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Comment #3 posted by FoM on April 21, 2002 at 07:29:25 PT

Just a Note
This link that I have in the article has much more then I could possibly post directly on Cannabis News and I hope you check it out!
Lots of details!
Drugs Uncovered: Observer Special Supplement
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Comment #2 posted by potpal on April 21, 2002 at 07:26:33 PT

Wonder why...
Just 35 per cent of voters say cannabis should be decriminalised; 7 per cent want ecstasy made
   legal; only 4 per cent think all drugs should be freely available. Well, when for the last 50 years or so nothing but negative propaganda and lies have been force fed to the public. Open debate on the pros and cons of prohibition has itself been prohibited. Research into the benefits of cannabis suppressed. Users demonized and the media persistently towing the official line... It's little wonder the public perception of cannabis is so distorted and lead to stats like these.
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Comment #1 posted by Lehder on April 21, 2002 at 06:38:27 PT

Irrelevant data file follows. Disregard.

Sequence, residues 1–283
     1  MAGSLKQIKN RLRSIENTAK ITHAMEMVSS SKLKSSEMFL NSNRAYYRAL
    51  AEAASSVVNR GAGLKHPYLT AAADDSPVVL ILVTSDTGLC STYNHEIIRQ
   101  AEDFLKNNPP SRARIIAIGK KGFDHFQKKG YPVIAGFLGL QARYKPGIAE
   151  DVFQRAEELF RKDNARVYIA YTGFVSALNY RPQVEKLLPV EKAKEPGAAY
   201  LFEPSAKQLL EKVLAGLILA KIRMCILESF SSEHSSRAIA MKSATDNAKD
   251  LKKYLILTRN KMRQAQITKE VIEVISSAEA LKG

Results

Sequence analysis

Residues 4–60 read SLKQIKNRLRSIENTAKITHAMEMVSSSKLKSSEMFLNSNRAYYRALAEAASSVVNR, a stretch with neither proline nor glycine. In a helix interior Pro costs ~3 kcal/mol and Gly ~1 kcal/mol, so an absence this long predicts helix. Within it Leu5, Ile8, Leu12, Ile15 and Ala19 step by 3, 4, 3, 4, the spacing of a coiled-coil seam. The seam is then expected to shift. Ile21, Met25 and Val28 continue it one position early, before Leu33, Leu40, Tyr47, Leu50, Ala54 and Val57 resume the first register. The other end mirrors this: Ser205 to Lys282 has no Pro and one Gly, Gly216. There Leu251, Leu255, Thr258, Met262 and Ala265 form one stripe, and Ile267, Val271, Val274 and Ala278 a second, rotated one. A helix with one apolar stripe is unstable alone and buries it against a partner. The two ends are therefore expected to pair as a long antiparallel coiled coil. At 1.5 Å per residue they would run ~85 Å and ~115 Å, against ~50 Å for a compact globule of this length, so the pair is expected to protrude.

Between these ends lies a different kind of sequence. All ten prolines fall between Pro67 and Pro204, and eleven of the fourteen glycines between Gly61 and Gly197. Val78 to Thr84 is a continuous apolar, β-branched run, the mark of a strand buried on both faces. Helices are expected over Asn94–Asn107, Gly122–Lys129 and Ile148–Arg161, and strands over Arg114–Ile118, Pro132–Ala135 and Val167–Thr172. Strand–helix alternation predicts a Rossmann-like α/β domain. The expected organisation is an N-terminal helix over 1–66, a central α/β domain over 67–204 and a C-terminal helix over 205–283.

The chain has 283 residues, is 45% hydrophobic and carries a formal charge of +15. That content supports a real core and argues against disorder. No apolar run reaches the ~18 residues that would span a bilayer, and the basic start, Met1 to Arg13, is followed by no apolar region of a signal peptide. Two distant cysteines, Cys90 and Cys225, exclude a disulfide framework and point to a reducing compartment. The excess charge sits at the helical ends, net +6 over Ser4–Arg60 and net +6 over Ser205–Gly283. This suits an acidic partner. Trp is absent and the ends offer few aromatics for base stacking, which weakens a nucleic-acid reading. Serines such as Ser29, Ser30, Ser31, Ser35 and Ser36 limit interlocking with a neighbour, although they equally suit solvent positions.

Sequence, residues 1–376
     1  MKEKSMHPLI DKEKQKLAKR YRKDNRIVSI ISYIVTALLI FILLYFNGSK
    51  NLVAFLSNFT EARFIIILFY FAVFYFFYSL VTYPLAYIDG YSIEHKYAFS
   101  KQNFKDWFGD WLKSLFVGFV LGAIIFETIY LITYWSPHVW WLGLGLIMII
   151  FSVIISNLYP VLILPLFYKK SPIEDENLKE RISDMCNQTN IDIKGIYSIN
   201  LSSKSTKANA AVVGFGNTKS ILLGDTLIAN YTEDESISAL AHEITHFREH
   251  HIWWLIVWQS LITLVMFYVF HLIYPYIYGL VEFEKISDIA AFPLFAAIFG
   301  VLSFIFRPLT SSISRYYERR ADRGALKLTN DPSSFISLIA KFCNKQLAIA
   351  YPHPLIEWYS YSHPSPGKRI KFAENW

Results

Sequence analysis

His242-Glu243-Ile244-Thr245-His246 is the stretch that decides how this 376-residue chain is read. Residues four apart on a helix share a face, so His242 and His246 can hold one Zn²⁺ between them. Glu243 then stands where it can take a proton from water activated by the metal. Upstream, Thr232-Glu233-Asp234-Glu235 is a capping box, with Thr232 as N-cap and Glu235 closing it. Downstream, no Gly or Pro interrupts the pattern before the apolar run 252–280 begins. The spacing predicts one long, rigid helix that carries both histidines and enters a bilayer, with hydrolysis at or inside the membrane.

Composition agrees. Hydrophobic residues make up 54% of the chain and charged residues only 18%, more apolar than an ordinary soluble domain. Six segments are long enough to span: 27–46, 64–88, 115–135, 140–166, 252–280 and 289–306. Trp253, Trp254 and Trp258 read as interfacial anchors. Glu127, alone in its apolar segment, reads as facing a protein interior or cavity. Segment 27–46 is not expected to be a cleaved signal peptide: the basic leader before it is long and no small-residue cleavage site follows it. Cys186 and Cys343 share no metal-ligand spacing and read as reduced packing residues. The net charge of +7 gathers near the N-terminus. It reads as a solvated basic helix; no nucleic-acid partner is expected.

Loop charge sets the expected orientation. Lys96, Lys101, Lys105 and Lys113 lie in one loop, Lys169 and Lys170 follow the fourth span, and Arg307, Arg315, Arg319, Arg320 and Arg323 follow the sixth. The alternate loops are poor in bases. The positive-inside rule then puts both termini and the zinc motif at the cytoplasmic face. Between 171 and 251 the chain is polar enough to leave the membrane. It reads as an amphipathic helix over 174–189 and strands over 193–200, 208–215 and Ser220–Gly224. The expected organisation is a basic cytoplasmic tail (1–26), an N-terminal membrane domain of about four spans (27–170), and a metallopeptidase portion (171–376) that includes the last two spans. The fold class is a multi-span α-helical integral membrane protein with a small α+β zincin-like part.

The Separation of Land and Water may lawfully reside in most European countries for only 90 days without a visa, but England allows 180 days. If you have a job in Europe you can stay indefinitely and will likely be exempted from US income tax. Marijuana will not be relegalized in the US until the issue is forced upon tax collectors and businesses by strong financial incentives in opposition to the artificial economic underpinnings of prohibition. Buy, travel, study, work and vacation European. Support drug-law reform. you are lucky enough to qualify for dual citizenship (usually by having one parent who was born in Europe, or by marrying a European), better still. You can get health care after three months; you can criticize Bush and Ashcroft and remain an American. None of the buxom art is enshrouded by fundamentalism but has, to the contrary, been restored, as should be our Constitution.